The Covid emergency and subsequent business shutdowns brought its own crisis to California’s Employment Development Department (EDD). Faced with overwhelming unemployment claims which have resulted in long waits for people out of work to get their payments and clear indications of fraud in the claims process, the EDD has not handled the circumstances well. 

Now the EDD plans to do a reset while closing down the opportunity for new applications until October 5, meanwhile over a million-and-a-half workers have yet to receive their unemployment insurance. 

It’s a well-established principle in Politics 101 to deliver troublesome political news on a Friday night when the politician or entity delivering the news hopes the reaction is more or less that ‘there is nothing to see here.’ Dumping a news story on a Saturday night increases the skeptic meter to “what are they trying to hide.” (Old-timers will recall the infamous “Saturday Night Massacre” in which President Richard Nixon fired Watergate Special Prosecutor Archibald Cox while the Attorney General and Assistant Attorney General resigned for refusing to carry out the order.) 

So it is with the Saturday night release of Gov. Gavin Newsom’s Strike Team report on the deficiencies at the Employment Development Department and the failure to keep up with unemployment payouts to needy workers humbled by the coronavirus outbreak that stole so many jobs. 

Legislative critics pounced on the Saturday report dump with a leading critic, Assemlymember Jim Patterson, saying the report’s finding reflects a “huge failure” at the EDD, and that the fixes are merely a “fire drill” to attempt to right the ship. While the report makes recommendations to make things better for California workers and improve the service at the EDD, Patterson’s concern and skepticism was clear at a press briefing through his repeated use of the phrase, “I’ll believe it when I see it.” 

The Strike Teams assessment of the EDD performance during the strain of the pandemic and recommendations for fixes came in a 109-page report.  The report states that the service was overwhelmed because of the circumstances related to the virus lockdown. While 2019 saw about 2,400 Unemployment Insurance claims a day, currently the number is running four times as high, daily. The responsibility of dealing with the crush has taxed old computer technology at the EDD. 

The use of old technology was a sore point for Patterson who said the EDD has ignored past audits and recommendations. This criticism has been levied at all state agencies over the years.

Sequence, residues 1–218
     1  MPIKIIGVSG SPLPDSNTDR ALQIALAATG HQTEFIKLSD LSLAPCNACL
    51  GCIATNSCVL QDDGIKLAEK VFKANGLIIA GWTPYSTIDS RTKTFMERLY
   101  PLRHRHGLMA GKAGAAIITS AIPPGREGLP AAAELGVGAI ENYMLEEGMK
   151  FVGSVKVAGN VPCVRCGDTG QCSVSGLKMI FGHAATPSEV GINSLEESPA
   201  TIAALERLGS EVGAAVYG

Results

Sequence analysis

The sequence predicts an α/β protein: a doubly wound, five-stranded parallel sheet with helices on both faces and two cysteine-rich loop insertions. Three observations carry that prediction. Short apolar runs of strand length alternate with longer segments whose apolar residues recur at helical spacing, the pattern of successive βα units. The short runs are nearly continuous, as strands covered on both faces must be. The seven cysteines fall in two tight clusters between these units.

In the state home to the Silicon Valley and technological innovation, California public offices are running on Model T-type computers instead of zooming around in Teslas.

The computer situation at the EDD and elsewhere in the California government should particularly irk Gov. Newsom who wrote a book titled, Citizenville: How to Take the Town Square Digital and Reinvent Government.

Patterson worried that to fix the EDD backlog problem, new software will just be added on to old technology which will not be able to deal with the payment backlog and fraud. The technological issue tied into a larger point for Patterson who feared that the EDD would use the task force recommendations to simply build the government agency in the same old way—a “stodgy, bureaucratic, monopolistic” model. 

Patterson was also sharply critical of the EDD Strike Team report because it ducked the fraud issue. The EDD claimed the Strike Team was not authorized to consider the fraud issue. 

What the Strike Team did consider is that only 1 out of 1,000 people are getting through to the EDD’s call center to get help with their claims. The call center was only opened in the morning and can’t possibly respond to the over 6 million calls a month. 

Fixes reported by the Strike Team include implementing a new ID system during the two-week shutdown, adding outbound calls to answer citizens questions instead of just a call-in system, creating new online accessibility to register claims, and dealing immediately with the oldest claims. 

Whether the changes are enough to mollify the public stewing over the EDD response remains to be seen. The larger overhaul of the system, especially the technology, is in order. The technology concern is raised by both the Strike Team and EDD critics. The technology issue would be a good place to remake a modern EDD, but such a reform is not the first thing to happen. Dealing with the overdue unemployment insurance claims must come first.